Winter, M.E.

1996-10-01T23:59:59.000Z

257

Helium leak testing of a radioactive contaminated vessel under high pressure in a contaminated environment  

SciTech Connect

At ANL-W, with the shutdown of EBR-II, R&D has evolved from advanced reactor design to the safe handling, processing, packaging, and transporting spent nuclear fuel and nuclear waste. New methods of processing spent fuel rods and transforming contaminated material into acceptable waste forms are now in development. Storage of nuclear waste is a high interest item. ANL-W is participating in research of safe storage of nuclear waste, with the WIPP (Waste Isolation Pilot Plant) site in New Mexico the repository. The vessel under test simulates gas generated by contaminated materials stored underground at the WIPP site. The test vessel is 90% filled with a mixture of contaminated material and salt brine (from WIPP site) and pressurized with N2-1% He at 2500 psia. Test acceptance criteria is leakage < 10{sup -7} cc/seconds at 2500 psia. The bell jar method is used to determine leakage rate using a mass spectrometer leak detector (MSLD). The efficient MSLD and an Al bell jar replaced a costly, time consuming pressure decay test setup. Misinterpretation of test criterion data caused lengthy delays, resulting in the development of a unique procedure. Reevaluation of the initial intent of the test criteria resulted in leak tolerances being corrected and test efficiency improved.

Winter, M.E.

1996-10-01T23:59:59.000Z

258

Isobutane ignition delay time measurements at high pressure and detailed chemical kinetic simulations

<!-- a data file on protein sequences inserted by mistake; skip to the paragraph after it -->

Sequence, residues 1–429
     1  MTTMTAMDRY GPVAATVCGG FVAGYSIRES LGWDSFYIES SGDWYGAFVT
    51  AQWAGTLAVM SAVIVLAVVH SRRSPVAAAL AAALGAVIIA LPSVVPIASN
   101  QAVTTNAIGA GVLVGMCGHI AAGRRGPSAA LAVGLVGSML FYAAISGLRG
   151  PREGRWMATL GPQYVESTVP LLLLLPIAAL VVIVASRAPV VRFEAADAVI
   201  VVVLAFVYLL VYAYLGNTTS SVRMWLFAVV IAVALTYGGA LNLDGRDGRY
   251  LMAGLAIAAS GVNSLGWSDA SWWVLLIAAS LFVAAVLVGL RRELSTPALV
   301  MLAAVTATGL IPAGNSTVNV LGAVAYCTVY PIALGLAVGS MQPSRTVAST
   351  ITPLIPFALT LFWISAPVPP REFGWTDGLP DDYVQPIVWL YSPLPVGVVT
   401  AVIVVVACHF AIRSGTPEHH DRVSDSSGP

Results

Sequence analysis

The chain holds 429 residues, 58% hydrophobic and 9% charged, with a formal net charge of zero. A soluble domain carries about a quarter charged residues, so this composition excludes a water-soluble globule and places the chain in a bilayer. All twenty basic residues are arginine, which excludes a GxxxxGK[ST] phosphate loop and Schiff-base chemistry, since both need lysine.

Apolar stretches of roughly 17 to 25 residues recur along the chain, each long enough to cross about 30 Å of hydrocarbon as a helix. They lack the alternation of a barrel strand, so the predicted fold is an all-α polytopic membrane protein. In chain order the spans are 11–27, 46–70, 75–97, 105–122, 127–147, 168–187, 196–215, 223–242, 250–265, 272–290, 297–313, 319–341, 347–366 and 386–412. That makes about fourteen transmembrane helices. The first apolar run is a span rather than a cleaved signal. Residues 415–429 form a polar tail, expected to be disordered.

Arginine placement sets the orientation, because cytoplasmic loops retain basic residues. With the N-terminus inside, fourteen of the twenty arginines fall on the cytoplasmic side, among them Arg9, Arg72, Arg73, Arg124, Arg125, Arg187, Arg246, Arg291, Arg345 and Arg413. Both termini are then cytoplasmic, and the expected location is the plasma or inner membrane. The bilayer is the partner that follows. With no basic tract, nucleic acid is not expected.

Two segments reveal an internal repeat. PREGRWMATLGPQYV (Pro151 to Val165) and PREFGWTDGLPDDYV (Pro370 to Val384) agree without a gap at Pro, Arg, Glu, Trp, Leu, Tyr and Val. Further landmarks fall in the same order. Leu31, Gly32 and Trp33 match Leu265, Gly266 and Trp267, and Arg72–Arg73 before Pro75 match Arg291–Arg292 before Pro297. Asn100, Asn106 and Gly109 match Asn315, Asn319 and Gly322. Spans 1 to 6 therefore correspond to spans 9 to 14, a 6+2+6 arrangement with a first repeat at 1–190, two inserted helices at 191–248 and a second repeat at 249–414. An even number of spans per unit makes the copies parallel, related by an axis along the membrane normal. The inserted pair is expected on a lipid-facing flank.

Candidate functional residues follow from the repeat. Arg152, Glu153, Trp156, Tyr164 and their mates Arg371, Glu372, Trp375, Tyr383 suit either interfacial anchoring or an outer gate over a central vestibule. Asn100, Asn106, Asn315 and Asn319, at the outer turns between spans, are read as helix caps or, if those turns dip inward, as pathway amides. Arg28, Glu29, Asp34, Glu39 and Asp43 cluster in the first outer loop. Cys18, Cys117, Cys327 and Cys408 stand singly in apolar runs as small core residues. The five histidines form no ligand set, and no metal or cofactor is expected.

SciTech Connect

Rapid compression machine and shock-tube ignition experiments were performed for real fuel/air isobutane mixtures at equivalence ratios of 0.3, 0.5, 1, and 2. The wide range of experimental conditions included temperatures from 590 to 1567 K at pressures of approximately 1, 10, 20, and 30 atm. These data represent the most comprehensive set of experiments currently available for isobutane oxidation and further accentuate the complementary attributes of the two techniques toward high-pressure oxidation experiments over a wide range of temperatures. The experimental results were used to validate a detailed chemical kinetic model composed of 1328 reactions involving 230 species. This mechanism has been successfully used to simulate previously published ignition delay times as well. A thorough sensitivity analysis was performed to gain further insight to the chemical processes occurring at various conditions. Additionally, useful ignition delay time correlations were developed for temperatures greater than 1025 K. Comparisons are also made with available isobutane data from the literature, as well as with 100% n-butane and 50-50% n-butane-isobutane mixtures in air that were presented by the authors in recent studies. In general, the kinetic model shows excellent agreement with the data over the wide range of conditions of the present study. (author)